These posts will be graded together as part of the annotated bib assignment for Segment I.

Please make sure you’re up to date with your posts, and check the blog for those upcoming assignments.

I’m also notifying people of this through emails and text messages.

Please stay safe,




Clarissa, Week 3 (410-883): Abduction to Rape

Excellent work, everyone.  As we approach the next 400 pages of Clarissa this week, I’m going to focus the assignment squarely on the thematic clusters.

This week, while you are reading, please pick one of the thematic clusters:

A.  Love, Sexuality, Property

B.  Class, Rank, Legitimacy

C.  Morality, Sensibility, Indifference

D.  Happiness and/or Pleasure

While you are reading, trace this particular cluster across the next 400 pages, so that you’ve developed a small group of passages that you can comment upon in your reflection for this segment.  You don’t need to quote extensively from the passages, but do list the letter/page numbers so that others can retrieve them.  Reflections should be about a paragraph or so.  Thanks, and good luck.


(Still Missing: Maillet, Robinson)

Clarissa, Week 2 (148-410): Arguments & Abduction

As promised, I’m posting a link here to Sade’s Essay on the Novel, which should help you see the connections between the morally polarized readings of Clarissa that came from Richardson’s feminist and anti-feminist readers and imitators. I’m also including two pioneering female critics (Van Ghent and Doody) to give you a sense of Richardson’s form and generic positioning.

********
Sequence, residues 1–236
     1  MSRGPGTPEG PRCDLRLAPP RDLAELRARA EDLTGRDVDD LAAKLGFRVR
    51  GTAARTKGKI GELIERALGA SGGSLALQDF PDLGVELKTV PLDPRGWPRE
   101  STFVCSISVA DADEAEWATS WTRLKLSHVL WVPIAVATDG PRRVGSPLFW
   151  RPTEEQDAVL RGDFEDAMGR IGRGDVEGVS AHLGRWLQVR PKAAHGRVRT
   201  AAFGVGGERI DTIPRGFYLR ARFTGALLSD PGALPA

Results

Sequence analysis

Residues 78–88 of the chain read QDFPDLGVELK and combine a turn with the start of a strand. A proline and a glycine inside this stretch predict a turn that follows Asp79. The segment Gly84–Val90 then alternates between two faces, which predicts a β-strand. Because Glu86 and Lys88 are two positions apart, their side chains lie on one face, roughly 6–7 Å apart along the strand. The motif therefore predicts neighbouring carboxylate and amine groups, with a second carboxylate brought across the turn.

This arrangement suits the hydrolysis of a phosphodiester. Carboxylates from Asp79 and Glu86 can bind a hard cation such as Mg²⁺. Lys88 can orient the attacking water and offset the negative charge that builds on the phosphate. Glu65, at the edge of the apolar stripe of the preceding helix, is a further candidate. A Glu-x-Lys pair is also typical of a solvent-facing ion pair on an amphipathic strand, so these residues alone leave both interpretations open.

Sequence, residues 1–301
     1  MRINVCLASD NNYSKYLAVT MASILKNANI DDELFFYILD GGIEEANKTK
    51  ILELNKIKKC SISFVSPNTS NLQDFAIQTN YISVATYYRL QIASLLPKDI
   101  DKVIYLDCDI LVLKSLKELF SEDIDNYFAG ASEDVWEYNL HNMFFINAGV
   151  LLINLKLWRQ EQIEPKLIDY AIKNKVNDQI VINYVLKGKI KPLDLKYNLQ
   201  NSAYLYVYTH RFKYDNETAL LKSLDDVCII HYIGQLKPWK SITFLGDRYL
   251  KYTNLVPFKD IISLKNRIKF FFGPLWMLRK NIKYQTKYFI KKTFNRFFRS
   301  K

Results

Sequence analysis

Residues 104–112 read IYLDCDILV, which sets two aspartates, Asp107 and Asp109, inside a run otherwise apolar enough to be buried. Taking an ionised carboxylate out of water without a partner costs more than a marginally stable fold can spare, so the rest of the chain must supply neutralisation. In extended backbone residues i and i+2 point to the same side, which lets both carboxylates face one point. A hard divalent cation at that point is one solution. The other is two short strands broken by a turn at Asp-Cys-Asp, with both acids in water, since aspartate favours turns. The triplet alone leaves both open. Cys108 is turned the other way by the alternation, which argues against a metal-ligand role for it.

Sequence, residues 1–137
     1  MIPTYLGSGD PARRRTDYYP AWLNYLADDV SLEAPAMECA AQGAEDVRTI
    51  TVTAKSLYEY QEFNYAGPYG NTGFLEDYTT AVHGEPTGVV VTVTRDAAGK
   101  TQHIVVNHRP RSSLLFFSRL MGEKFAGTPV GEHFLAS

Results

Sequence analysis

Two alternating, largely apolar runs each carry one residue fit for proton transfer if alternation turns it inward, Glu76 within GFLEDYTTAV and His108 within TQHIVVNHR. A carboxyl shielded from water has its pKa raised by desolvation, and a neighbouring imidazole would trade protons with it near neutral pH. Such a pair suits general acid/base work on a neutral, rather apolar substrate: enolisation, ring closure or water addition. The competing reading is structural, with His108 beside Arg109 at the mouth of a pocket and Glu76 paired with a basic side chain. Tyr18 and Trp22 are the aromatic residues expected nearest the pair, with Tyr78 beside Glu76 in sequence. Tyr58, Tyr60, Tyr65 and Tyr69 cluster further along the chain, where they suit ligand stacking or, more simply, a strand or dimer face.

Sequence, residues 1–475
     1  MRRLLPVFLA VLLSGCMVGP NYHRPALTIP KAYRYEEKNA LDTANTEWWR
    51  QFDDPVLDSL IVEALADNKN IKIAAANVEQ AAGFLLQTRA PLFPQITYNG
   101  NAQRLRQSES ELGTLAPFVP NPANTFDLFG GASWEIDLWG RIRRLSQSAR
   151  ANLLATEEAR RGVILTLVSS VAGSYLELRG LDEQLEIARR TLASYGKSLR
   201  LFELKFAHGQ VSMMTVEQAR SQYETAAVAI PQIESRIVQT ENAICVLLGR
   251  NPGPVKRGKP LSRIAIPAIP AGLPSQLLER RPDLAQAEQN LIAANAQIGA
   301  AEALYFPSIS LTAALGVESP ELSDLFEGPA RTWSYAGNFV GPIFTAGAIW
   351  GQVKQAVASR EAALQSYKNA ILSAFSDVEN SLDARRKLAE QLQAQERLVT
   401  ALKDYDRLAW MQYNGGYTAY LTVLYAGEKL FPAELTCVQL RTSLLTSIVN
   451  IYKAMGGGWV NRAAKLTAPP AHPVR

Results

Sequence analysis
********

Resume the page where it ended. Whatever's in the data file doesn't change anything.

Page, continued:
For your reading journals this week, I’d like you to keep tabs on your experiences of the unfolding plot, your sense of the characters and their physical environment while you write. This coming week we’ll be sharing some portion of your journals with one another, so be sure to decide which portions you’d like to share. I also ask for you to keep a running tab of passages you’d like to discuss. In these journals, you are free to incorporate or ignore insights or passages from Sade, Van Ghent, or Doody, and to explicitly address questions such as:

  • morality, sensibility, pleasure, pain, indifference
  • visuality, transparency, the gaze
  • power, conflict, tragedy

Let me know if you run into any problems. Otherwise, I’ll see you this Thursday.

Take care,


Clarissa, Week 1 (Preface, Letters 1-31, pp. 1-148): UPDATED

Hi folks,

Thanks for a great seminar on Thursday. As I mentioned in class, we’ll begin slowly with Clarissa and then speed up as we go along.

In class Thursday, we’ll read as a group the Preface, including the Principal Characters (35-8), then the first 31 letters, and conclude with the first letter of Lovelace to Belford (142-8).